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March 31, 2009


To lab or not to lab?

Given the breadth of choices in the pharmaceutical industry, you might wonder how to focus your own career aspirations. You may love science while in university and earn a major in a scientific discipline, but not be sure you want to make research your life-long career. That's fine, as long as you have a sense of how to manage the critical early years of professional experience. To help you get a wide-angle view of the major career paths available, we have found it helpful to think in terms of two fundamental paths: laboratory research-oriented and non-laboratory research-oriented paths. Within each path are several different career tracks. Laboratory research-oriented career paths are found in the R&D department. This area is also called "discovery research" because the work involves discovering new processes, drugs and technologies. These careers involve "bench work," referring to a laboratory bench, where scientists set up experiments to generate data.

Non-research oriented career paths include everything else. Several functions -- operations, manufacturing and quality -- have an engineering focus and are primarily honed in on the applications of science. Others, like clinical research, include all the jobs needed to set up and manage clinical trials and oversee submissions to regulatory agencies. Note that the "clinical research" function includes all the jobs needed to set up and manage clinical trials. They are put here rather than in the research-oriented path since they require knowledge of medicine and occur in clinical settings, such as hospitals or clinics. Still others are business-oriented and include support functions, such as finance, administration, legal, IT, business development and sales/marketing. Finally many companies have a project management function that helps coordinate projects that overlap among several internal functions.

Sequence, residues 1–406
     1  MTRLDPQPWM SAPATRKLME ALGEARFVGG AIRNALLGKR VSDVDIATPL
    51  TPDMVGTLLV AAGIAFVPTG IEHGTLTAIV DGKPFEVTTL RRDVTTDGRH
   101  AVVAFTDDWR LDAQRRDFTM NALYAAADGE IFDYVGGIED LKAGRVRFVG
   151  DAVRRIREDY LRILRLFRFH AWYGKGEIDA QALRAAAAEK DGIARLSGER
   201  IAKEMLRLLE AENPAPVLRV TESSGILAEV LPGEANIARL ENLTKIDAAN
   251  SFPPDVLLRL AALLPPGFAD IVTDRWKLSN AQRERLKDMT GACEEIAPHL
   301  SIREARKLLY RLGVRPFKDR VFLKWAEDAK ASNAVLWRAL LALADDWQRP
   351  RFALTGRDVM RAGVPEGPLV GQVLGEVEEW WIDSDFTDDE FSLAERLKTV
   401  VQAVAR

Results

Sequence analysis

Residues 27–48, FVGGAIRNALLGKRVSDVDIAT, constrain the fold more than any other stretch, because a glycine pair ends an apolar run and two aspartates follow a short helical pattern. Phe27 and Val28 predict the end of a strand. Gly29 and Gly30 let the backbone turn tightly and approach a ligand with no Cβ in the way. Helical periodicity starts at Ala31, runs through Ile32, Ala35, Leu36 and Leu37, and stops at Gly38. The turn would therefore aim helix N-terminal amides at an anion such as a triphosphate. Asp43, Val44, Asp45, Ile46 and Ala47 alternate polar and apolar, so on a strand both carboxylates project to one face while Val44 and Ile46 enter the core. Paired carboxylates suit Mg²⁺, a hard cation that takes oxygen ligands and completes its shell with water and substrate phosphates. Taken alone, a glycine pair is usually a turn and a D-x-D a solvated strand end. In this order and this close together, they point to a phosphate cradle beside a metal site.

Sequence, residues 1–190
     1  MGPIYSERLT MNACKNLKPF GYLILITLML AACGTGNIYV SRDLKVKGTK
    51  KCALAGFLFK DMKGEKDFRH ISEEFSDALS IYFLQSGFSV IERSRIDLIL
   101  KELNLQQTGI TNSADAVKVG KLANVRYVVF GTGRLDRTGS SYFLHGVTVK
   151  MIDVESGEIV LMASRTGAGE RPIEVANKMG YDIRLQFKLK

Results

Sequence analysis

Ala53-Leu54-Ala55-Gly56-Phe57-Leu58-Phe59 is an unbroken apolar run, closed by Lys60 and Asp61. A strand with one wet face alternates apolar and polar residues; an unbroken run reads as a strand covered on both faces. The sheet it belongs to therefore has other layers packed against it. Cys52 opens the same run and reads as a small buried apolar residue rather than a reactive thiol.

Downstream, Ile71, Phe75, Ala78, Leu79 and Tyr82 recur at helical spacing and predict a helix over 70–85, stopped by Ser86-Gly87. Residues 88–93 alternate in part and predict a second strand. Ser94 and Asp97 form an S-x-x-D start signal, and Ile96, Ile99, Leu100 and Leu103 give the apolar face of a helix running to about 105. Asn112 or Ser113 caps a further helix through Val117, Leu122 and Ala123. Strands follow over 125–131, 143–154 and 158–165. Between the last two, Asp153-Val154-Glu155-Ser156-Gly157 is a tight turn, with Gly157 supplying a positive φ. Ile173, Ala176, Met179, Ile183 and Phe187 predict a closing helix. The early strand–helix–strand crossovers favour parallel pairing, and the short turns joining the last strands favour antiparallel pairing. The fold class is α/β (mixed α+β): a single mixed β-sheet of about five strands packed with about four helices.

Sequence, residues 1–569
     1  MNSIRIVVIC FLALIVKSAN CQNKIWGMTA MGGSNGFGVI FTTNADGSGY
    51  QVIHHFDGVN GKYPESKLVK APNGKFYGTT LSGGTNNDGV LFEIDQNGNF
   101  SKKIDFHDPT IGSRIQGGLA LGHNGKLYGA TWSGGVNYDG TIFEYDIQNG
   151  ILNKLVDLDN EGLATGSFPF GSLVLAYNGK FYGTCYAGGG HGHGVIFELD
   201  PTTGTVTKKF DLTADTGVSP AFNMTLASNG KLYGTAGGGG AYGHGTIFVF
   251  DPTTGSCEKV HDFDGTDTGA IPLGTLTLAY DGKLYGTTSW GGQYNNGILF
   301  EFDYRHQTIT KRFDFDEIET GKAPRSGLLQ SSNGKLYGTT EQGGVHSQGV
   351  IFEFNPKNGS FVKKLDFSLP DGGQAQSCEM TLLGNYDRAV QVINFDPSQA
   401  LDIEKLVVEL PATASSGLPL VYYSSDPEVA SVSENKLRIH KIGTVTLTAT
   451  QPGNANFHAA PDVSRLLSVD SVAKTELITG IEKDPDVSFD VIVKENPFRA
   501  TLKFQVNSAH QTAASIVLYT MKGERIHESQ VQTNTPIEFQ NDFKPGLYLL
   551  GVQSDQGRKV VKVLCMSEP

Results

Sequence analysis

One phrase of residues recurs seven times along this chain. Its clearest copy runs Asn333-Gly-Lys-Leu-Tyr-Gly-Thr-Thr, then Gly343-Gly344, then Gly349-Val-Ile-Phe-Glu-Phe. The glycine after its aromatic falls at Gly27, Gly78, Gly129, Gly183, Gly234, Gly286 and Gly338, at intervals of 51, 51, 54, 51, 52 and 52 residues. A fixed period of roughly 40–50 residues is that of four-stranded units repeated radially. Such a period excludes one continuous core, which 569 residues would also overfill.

The common denominator is that careers in most of these functions require at least an undergraduate foundation in a life science. This includes the more generic business functions. Many careers require advanced training in science in addition to education in a functional area. For example, attorneys specializing in intellectual property often also have advanced degrees in the sciences. Business development people typically have either a bachelor's or a master's degree in a scientific area in addition to an MBA. The industry sets these educational prerequisites for employment outside the lab because business people need a thorough grounding in the vocabulary of genetics, an orientation to the basic concepts behind the products and a familiarity with the issues and challenges facing the industry. The bottom line is this: if you are up-and-coming in the educational system, you are joining a limited pool of qualified talent competing for the available jobs. That's good news if most of your career is still ahead of you.

Discovery research in the lab

At smaller companies, many jobs are in discovery research. Discovery researchers can range from protein chemists to geneticists, to biochemists, to many other disciplines in the life sciences. There are jobs at all levels. With a bachelor's degree, you can get an entry-level job as a research associate and work for several years, though you will need an advanced degree for more senior jobs. Most responsible positions, however, require a PhD. You can definitely break into the industry after undergraduate studies.

Entry-level research positions will get your feet wet and give you a chance to experience the culture of research first-hand before committing yourself to advanced studies. Increasingly, pharmaceutical companies have also been outsourcing drug research and development. As a result, contract research organisations (or CROs) have been on the rise, and this is another possible option for researchers.


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